The sweet summer vibe and dinosaur delights are only the icing on the cake, however. See, Mario did not vandalize the island as he was accused. Oh no, it was Bowser’s son, Bowser Jr. (real original, Dad), who has a cloak that turns him into Mario if Mario’s skin was made of the cosmos. As I said, Mario games can be weird sometimes. Little Bowser Jr’s antics don’t stop at petty vandalism, though! He also steals Mario’s FLUDD (his fancy water backpack) on certain occasions and forces Mario to do some platforming the old-school way. And that’s where the challenge ramps up.

Every time Mario loses his ability to shoot water, he is warped into these bizarre platforming worlds that are brutally difficult. Thankfully, this is Nintendo we’re talking about here, where brutal difficulty means if you mess up it’s because YOU suck. These levels can get so painfully hard, with the most precise movements required to make it through the level. Fun thing of note: listen to Mario’s footsteps as he runs along the rotating blocks. It sounds like his shoes are made of crayons. It’s amazing.

These levels really challenge even the most hardened platforming fan, though. Depending on how powerful you are, you will either have a chewed up controller or no teeth by the time you beat some of these levels. They employ all the skills Mario learned on his last adventure – triple jumping, wall jumping, back flipping, and holding your breath before a massive and risky jump. Anyone who was furious about the FLUDD device can still walk away happy from Super Mario Sunshine having played these levels.

Do you want to know the best part of this entire game, though? This may sound like I’m being sarcastic or hilariously snarky, but I’m being 100% honest here – cleaning up. Oh my god. I don’t care if this game is propaganda to get young children to clean up after themselves, cleaning up all the goop across the levels of Super Mario Sunshine is one of the most satisfying things in gaming. The FLUDD device is marvelously easy to use, so aiming at a spot of mud or electric sludge or lava and spraying it off a surface makes you feel like Mr. Clean’s special helper. Watching the filth wash away as I fire globs of water in its direction is as satisfying as scratching off every inch of a scratch ticket, with none of the disappointment in the end.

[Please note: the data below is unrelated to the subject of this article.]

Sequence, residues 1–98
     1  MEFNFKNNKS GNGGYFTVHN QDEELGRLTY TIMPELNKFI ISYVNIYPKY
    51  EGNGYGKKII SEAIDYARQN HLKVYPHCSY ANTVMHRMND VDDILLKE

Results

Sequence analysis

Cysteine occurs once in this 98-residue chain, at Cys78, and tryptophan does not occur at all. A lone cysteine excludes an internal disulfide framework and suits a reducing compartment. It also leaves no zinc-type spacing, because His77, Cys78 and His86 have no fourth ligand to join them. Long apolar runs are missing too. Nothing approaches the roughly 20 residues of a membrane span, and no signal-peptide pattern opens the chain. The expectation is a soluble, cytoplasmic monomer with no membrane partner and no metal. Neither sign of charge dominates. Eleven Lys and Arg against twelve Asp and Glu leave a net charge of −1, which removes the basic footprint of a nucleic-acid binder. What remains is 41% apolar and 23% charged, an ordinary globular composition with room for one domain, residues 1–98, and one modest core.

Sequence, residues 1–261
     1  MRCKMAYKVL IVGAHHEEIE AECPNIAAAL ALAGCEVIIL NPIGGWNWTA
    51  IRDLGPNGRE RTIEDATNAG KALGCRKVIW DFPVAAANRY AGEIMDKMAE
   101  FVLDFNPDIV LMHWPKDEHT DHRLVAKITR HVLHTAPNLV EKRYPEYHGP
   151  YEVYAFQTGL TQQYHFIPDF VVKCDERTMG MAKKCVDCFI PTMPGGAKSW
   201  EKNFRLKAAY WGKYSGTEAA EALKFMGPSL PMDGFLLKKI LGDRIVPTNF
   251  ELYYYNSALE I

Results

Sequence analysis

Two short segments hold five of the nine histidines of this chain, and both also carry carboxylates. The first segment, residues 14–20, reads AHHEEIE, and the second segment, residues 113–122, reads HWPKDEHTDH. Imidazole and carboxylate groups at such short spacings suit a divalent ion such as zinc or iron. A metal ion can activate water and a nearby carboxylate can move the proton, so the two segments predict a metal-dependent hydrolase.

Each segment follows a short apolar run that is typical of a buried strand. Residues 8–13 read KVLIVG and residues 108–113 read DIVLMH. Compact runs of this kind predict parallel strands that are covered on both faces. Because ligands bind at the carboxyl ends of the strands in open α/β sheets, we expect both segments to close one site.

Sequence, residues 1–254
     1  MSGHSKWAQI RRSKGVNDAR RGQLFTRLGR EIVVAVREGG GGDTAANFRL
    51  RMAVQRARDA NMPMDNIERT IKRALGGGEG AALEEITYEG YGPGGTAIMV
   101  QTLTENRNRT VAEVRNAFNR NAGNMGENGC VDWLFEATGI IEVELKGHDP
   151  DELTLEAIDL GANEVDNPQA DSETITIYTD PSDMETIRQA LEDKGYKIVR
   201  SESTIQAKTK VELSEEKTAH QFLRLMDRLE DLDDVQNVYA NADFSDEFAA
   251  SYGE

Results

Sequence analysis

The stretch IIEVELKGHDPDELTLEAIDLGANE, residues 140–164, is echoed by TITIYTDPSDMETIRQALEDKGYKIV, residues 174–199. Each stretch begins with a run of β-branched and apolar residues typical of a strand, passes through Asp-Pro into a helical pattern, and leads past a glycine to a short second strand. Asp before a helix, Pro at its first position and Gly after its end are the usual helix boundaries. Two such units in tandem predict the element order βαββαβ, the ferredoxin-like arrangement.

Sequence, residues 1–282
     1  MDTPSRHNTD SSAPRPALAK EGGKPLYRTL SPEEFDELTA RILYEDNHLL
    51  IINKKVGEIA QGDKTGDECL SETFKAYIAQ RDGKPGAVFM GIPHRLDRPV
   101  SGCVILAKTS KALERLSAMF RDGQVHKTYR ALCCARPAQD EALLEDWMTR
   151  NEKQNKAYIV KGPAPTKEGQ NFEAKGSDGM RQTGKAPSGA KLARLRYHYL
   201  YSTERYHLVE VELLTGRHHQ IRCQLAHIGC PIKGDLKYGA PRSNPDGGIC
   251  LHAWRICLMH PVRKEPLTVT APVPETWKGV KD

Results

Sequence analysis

Mario cleaning up goop

I could literally do this for the rest of my life.

It’s especially satisfying to be in the thick of things, cleaning up, spraying, making things shiny, and getting FILTHY in the process, only to clean yourself off when you finish. The game’s gorgeous visuals (which still hold up beautifully ten years later, something that can’t be said for many 2002 games) allow Mario to be covered in whatever nasty substance he was playing around in, which can then be cleaned off by hopping in a nearby pool of water. AND THEN you see the goop come off and dissolve into the water. It’s a visual effect that, shockingly, has rarely (if ever) been used in games since. I could get Mario filthy and clean him off all day, and I don’t even care if you take that sexually.